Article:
Wednesday | 13 December. 2017
The Transcaucasian Socialist Federative Soviet Republic as an Object of Neglect
In contrast to nation states, supranational entities have a difficult position in historical commemoration. The Transcaucasian Socialist Federative Soviet Republic (TSFSR) is a salient example. The Bolshevik governments of Armenia, Azerbaijan and Georgia formed this federation in 1922 in order to stabilise Soviet power and economic development in the south Caucasus. Pushed by the republican elites the TSFSR was dissolved during the constitutional reform in 1936. Since this time, national historiographies in the South Caucasus as well as international research on the Soviet State neglected this “failed” federation. However, on the one hand it is almost impossible to understand the history of sovietisation, national delimitation or regional foreign policy without taking the TSFSR and its institutions into consideration. One the other, the TSFSR is an example of a state institution that attempted to integrate people of different languages, cultures and religions into a supranational community. The paper will sketch some lines for possible future research on this topic.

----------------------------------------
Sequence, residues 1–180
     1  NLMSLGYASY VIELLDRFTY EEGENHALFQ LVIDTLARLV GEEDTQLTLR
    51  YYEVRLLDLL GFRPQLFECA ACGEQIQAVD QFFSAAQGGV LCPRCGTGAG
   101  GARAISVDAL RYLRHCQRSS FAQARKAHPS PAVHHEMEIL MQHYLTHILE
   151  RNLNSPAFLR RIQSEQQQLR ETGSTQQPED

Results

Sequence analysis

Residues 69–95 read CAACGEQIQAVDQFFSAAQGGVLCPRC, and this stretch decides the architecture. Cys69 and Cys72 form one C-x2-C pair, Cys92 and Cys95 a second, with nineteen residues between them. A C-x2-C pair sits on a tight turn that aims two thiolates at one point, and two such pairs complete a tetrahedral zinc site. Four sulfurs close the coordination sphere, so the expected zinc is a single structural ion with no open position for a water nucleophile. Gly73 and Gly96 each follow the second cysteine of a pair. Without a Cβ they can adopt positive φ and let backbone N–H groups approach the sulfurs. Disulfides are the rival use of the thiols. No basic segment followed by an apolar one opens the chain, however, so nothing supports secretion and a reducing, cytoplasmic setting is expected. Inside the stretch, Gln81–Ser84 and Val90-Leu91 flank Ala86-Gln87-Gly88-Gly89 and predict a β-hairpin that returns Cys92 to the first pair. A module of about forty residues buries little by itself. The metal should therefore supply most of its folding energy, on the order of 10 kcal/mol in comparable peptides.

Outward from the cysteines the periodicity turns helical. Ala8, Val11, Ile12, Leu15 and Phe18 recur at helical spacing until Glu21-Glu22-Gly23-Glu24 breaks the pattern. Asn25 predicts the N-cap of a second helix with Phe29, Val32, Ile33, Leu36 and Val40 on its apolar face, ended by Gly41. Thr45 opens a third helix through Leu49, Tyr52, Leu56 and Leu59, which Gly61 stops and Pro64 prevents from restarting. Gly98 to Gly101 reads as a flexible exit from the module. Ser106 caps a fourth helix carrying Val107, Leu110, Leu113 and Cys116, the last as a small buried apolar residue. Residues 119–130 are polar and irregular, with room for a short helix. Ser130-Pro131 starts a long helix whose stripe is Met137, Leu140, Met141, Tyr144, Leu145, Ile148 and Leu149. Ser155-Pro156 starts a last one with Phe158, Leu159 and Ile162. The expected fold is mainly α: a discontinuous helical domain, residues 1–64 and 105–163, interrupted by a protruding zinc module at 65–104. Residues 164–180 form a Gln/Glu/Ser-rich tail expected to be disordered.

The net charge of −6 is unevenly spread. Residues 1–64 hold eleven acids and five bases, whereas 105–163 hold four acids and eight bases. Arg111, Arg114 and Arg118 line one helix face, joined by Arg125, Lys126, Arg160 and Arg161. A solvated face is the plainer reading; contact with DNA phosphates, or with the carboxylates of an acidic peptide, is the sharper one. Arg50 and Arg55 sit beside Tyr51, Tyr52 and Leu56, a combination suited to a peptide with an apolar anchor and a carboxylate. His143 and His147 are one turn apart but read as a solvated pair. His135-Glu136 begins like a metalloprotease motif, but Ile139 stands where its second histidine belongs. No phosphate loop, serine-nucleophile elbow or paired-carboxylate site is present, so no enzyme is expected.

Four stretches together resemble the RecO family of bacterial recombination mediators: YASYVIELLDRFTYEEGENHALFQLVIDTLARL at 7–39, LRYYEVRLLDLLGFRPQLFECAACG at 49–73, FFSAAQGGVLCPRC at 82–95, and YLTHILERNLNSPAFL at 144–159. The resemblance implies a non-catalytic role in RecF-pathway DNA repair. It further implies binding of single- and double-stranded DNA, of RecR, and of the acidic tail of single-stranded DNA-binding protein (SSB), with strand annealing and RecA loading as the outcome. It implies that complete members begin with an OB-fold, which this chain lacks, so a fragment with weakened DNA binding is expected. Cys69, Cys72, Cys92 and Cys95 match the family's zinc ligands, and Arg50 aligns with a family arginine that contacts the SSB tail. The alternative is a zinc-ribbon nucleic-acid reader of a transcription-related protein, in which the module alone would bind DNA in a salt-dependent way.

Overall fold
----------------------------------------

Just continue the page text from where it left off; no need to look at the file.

Stephan Rindlisbacher received a mobility grant from the Swiss National Science Foundation and is currently working in Moscow, Kiev and Tbilisi in order to explore the territorialisation processes in the early Soviet State. He holds a PhD in History and has published a book on the revolutionary movement in late Tsarist Russia.